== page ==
The impact of aging on laboratory fire behaviour in masticated shrub fuelbeds of California and Oregon, USA

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Mastication of shrubs and small trees to reduce fire hazard has become a widespread management practice, yet many aspects of the fire behaviour of these unique woody fuelbeds remain poorly understood. To examine the effects of fuelbed aging on fire behaviour, we conducted laboratory burns with masticated Arctostaphylos spp. and Ceanothus spp. woody debris that ranged from 2 to 16 years since treatment. Masticated fuels that were 10 years or older burned with 18 to 29% shorter flame heights and 19% lower fireline intensities compared with the younger fuelbeds across three different fuel loads (25, 50 and 75 Mg ha(-1)). Older fuelbeds smouldered for almost 50% longer than the younger masticated fuelbeds. Fuel consumption was 96% in the two higher fuel load categories regardless of fuelbed age, whereas consumption was 77% in the lighter fuel load. Fire intensity in masticated fuels may decrease over time owing to particle degradation, but in dry environments where decomposition is slow, combustion of the remaining fuels may still pose risks for tree mortality and smoke production associated with protracted smouldering.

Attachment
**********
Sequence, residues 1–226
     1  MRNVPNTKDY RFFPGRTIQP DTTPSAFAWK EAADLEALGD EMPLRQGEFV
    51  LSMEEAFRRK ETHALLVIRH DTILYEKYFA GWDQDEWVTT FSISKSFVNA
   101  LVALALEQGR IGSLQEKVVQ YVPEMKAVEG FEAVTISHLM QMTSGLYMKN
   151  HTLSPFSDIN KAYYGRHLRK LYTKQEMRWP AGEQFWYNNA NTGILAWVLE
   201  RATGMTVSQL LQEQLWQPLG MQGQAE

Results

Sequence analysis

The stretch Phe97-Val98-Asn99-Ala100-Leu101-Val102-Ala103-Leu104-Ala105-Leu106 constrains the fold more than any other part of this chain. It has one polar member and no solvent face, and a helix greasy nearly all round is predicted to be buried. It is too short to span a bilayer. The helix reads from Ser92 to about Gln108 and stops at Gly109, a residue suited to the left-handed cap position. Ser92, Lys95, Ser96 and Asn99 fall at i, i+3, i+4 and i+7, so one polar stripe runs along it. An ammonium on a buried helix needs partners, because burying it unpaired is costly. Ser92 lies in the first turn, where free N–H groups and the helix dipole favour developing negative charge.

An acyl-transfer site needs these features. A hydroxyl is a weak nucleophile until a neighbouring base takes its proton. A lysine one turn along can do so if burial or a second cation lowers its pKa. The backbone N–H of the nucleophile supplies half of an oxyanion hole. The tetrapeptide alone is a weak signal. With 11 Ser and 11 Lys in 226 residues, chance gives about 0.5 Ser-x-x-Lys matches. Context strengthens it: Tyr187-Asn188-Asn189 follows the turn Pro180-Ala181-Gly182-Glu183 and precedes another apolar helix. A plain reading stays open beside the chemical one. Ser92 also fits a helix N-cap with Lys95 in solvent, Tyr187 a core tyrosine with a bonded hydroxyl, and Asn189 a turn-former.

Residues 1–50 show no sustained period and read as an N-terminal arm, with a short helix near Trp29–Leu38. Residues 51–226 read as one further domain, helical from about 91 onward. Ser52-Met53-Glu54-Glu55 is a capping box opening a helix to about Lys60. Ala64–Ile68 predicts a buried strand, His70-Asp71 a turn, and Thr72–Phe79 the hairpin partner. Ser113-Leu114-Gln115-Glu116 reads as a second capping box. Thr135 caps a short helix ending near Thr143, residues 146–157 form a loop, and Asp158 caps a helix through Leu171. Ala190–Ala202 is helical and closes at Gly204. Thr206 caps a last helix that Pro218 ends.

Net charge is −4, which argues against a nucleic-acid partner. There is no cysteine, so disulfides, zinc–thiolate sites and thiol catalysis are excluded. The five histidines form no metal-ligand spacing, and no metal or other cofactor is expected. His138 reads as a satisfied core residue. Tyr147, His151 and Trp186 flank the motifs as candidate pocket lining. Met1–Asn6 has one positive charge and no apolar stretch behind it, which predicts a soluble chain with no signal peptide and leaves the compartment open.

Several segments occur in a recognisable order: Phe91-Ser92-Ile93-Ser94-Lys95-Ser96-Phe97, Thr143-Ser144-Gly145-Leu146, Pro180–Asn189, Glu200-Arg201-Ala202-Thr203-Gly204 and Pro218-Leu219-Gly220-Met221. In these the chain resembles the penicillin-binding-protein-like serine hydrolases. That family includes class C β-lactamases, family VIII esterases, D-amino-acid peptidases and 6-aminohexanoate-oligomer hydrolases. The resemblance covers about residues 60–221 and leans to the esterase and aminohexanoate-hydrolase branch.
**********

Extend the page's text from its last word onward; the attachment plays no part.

fireline intensity, fuel decomposition, fuels treatments, mechanical mastication, smouldering combustion